Take the case of the U.S. Department of Treasury during the Obama administration. When the secretary decided to launch “TreasuryStat,” the deputy secretary tasked with leading the initiative, Neal Wolin, was wary. He saw it as just another set of meetings in a calendar already full of meetings.
Within a few months, the deputy secretary’s view had changed. As Wolin told Dan Tangherlini, the department’s then-chief performance officer, it was the only time during the week that he was able to focus on the most important issues facing the department. In the years to follow,
TreasuryStat would help drive important reforms, including moving federal benefits, such as Social Security, from paper checks to electronic. That alone has saved the department more than $100 million a year.
The focus on tough, long-term challenges through CitiStat in Baltimore, and later through StateStat in Maryland, led to tangible progress, including significantly reducing violent crime in Baltimore and considerably improving the health of the Chesapeake Bay. It also drove important internal improvements, such as reducing overtime among city workers, saving taxpayers millions of dollars. A key factor in those successes was not only timely, accurate data to inform decisions, but also the repeated cadence of the meetings to focus on key challenges, meeting after meeting, until they were solved or sufficiently addressed.
So how can leaders start to implement a PerformanceStat strategy? First, get started with the data you have, rather than wait for “perfect” data, which is unlikely anyway. Data that gets used will get improved.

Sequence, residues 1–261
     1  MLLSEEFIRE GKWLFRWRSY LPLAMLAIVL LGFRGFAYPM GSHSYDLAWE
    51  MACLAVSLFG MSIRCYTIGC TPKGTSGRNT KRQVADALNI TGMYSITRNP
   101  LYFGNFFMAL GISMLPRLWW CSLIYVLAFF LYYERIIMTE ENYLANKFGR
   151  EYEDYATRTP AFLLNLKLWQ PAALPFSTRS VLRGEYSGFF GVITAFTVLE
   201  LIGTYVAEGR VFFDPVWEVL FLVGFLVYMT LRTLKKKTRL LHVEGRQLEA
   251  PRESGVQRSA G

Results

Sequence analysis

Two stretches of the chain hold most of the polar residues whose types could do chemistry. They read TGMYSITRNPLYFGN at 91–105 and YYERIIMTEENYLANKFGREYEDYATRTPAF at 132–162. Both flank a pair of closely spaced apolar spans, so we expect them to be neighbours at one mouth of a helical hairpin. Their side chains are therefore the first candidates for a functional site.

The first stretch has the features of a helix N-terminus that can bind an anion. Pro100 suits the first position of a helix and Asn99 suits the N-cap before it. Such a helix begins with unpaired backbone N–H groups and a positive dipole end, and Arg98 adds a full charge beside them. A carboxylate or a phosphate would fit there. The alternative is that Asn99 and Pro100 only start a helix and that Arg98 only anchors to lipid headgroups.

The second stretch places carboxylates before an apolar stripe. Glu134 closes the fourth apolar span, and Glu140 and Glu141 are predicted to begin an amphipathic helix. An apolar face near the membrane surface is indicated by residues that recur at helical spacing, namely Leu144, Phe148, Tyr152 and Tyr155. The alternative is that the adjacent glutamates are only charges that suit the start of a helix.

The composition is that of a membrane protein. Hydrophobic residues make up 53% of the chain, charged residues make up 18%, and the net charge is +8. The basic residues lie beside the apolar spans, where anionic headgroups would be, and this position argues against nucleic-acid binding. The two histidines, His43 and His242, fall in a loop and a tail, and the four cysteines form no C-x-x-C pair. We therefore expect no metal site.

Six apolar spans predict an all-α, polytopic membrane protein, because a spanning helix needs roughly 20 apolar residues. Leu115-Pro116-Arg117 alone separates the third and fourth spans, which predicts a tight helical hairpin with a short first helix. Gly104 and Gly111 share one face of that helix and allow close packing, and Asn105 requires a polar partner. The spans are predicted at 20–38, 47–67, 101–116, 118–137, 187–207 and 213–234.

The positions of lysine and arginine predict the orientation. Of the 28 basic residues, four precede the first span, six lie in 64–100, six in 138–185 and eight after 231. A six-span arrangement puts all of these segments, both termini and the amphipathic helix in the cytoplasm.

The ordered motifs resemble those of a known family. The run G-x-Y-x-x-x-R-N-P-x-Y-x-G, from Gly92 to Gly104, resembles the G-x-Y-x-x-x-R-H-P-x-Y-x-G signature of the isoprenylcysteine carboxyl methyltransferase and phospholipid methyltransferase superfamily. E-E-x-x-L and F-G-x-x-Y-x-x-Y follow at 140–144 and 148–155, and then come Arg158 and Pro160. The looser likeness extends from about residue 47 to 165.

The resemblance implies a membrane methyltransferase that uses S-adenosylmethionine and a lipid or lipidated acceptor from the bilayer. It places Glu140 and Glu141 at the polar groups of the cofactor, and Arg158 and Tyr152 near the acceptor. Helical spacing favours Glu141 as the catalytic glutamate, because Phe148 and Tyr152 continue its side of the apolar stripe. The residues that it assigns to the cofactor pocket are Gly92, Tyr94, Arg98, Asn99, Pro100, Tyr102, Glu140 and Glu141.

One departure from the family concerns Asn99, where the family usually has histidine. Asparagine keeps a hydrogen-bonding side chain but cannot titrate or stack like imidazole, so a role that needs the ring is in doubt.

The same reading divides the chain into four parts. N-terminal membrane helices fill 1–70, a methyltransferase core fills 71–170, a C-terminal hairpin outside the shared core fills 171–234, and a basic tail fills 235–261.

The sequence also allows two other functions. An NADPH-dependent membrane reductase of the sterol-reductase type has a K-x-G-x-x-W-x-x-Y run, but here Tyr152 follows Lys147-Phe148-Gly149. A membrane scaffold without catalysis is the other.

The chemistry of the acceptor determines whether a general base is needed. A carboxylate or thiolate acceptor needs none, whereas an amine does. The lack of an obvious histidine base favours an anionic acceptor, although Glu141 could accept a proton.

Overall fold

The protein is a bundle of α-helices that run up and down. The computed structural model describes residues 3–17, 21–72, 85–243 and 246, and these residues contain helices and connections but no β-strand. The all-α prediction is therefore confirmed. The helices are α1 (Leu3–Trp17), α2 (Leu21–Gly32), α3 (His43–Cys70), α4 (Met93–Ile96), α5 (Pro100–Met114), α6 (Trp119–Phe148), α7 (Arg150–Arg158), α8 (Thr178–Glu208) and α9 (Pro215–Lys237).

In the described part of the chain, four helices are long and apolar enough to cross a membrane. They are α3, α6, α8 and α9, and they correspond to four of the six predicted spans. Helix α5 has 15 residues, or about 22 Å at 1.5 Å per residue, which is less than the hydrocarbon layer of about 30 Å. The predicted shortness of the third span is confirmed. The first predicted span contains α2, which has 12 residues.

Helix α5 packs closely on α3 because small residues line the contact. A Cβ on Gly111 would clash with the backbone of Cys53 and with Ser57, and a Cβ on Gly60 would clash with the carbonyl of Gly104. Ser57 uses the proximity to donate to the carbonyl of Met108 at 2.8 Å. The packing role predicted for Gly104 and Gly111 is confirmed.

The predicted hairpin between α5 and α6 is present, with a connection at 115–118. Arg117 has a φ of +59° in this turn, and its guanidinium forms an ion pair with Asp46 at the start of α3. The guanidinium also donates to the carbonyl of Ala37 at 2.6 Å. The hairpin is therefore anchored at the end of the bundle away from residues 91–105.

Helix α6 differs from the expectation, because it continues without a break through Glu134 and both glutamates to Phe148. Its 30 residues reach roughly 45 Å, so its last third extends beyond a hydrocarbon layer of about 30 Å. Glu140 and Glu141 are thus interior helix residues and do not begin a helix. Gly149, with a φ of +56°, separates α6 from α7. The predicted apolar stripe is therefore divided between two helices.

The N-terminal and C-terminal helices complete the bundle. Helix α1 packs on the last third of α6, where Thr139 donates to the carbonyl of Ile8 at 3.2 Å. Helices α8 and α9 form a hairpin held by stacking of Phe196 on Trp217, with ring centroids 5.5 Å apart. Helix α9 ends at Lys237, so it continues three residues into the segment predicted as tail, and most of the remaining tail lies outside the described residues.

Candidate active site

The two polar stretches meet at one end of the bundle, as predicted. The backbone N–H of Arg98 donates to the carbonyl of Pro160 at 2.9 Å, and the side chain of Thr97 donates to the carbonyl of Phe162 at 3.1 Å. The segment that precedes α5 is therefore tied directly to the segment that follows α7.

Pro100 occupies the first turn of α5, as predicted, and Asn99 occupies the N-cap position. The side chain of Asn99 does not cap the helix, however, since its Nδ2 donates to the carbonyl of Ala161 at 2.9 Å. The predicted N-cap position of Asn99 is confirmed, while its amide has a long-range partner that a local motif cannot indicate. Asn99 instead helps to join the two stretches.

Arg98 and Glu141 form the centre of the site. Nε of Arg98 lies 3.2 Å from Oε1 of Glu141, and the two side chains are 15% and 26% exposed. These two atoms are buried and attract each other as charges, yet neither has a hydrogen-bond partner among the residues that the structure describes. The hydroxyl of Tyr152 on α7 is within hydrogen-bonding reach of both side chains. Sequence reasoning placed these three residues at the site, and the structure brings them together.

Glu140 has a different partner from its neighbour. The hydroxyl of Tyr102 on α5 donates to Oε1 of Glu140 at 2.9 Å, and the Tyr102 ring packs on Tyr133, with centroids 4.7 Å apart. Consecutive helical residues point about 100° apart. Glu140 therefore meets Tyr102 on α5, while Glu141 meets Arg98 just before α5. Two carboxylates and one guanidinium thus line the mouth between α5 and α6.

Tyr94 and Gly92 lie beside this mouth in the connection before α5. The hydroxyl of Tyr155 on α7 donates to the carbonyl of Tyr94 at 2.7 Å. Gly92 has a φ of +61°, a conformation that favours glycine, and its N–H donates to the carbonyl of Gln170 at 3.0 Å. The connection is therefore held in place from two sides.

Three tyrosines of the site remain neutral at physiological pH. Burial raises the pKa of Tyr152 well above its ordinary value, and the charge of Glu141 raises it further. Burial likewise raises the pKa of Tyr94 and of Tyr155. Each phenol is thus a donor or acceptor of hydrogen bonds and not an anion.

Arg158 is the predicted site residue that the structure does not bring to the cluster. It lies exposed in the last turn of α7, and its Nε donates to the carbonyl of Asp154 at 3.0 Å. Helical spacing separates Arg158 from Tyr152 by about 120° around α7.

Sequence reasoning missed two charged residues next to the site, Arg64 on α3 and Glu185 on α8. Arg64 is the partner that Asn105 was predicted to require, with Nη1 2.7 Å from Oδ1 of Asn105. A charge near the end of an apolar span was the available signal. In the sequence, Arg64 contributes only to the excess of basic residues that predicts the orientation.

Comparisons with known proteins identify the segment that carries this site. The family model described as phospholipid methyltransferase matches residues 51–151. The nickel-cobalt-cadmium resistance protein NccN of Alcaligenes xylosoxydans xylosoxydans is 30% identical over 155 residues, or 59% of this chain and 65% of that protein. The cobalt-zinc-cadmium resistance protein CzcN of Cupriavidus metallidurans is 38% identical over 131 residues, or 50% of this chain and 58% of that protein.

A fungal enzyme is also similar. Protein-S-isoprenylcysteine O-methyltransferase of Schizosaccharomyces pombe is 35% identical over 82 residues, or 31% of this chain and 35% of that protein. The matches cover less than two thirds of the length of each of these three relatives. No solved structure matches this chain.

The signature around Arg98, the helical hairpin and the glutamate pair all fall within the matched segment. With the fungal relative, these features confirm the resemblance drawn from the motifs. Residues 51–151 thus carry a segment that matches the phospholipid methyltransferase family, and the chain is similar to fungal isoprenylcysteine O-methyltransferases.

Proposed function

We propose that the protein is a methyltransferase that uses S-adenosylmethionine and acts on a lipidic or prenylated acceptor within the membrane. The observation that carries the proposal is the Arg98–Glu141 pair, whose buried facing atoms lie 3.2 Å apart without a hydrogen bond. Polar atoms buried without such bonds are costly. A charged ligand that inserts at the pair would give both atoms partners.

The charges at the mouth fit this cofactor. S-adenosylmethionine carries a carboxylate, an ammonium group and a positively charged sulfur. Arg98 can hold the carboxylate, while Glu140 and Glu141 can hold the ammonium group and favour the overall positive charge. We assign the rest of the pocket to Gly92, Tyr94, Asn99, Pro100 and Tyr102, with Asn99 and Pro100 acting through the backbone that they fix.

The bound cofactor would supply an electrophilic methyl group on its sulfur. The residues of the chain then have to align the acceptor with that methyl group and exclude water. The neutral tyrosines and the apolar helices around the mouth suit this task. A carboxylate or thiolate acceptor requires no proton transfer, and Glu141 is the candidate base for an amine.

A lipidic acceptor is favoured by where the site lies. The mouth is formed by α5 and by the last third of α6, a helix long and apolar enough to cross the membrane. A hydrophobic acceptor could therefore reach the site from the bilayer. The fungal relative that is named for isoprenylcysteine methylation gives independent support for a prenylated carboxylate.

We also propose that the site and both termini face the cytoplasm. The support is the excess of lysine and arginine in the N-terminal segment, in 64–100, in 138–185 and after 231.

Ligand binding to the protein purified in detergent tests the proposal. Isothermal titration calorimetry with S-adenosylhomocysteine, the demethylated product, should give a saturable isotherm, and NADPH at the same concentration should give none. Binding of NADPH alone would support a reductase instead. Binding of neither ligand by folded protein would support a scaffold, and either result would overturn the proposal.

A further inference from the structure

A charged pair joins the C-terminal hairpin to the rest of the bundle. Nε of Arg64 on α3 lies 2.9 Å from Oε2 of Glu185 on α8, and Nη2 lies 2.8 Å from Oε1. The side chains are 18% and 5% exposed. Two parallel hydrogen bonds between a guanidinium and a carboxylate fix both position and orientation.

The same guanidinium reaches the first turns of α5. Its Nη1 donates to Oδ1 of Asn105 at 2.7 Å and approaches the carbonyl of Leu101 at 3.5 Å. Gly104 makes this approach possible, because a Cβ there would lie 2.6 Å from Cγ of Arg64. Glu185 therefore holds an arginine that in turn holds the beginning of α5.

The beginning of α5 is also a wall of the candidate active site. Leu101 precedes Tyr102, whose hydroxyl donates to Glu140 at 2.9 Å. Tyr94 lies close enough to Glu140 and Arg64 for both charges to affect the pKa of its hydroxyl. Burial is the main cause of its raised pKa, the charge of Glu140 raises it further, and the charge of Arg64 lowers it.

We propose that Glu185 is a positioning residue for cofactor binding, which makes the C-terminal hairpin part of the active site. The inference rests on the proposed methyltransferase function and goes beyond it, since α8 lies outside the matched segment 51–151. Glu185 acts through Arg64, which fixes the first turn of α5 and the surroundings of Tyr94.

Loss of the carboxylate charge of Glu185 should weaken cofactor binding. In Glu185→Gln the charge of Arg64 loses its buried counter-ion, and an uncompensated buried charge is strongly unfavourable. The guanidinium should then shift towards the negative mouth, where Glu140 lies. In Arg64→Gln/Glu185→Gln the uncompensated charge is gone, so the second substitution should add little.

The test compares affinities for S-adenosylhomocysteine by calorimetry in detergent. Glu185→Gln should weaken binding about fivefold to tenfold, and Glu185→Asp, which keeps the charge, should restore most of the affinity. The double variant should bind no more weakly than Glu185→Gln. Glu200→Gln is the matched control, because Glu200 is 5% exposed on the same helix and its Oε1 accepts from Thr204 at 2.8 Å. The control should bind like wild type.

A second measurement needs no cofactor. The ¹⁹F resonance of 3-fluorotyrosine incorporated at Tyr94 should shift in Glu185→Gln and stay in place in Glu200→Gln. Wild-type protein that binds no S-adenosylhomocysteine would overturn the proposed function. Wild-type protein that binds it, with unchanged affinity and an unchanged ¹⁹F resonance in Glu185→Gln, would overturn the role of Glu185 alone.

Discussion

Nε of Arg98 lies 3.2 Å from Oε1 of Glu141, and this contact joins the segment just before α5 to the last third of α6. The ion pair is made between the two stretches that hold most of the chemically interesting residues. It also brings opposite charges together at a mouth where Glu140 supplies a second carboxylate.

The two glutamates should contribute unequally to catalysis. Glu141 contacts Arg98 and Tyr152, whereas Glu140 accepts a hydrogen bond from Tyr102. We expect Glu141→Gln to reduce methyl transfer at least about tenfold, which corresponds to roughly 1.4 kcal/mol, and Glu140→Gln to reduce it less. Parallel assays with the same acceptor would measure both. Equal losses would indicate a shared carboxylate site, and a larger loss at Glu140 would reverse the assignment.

Second, keep in mind that the most important element of any PerformanceStat strategy is not the data or the room or the maps or the software. It’s leadership commitment. If everyone within your organization understands and knows that PerformanceStat is the way the executive manages the organization, it will be taken seriously and drive results. Without clear leadership commitment, PerformanceStat meetings can easily become what Robert Behn of the Harvard Kennedy School calls “MimicStat”—just a show-and-tell session.
Mayors, county executives, governors and agency leaders will always need to skillfully respond to the urgent issues they face to survive, politically, in their jobs. But results-focused leaders know they need to do more. They carve out time for meetings like PerformanceStat to focus on key goals and long-term challenges. In doing so, they’re strengthening trust in our democracy by demonstrating that government can tackle our most important public problems. That’s the type of leadership we urgently need.
Andrew Feldman is a director in the public sector practice at Grant Thornton and also hosts the Gov Innovator podcast. He served as a special adviser on the evidence team at the White House Office of Management and Budget in the Obama administration.
Martin O'Malley served as Governor of Maryland from 2007 to 2015 and Mayor of Baltimore from 1999 to 2007. He is the author of the new book Smarter Government: How to Govern for Results in the Information Age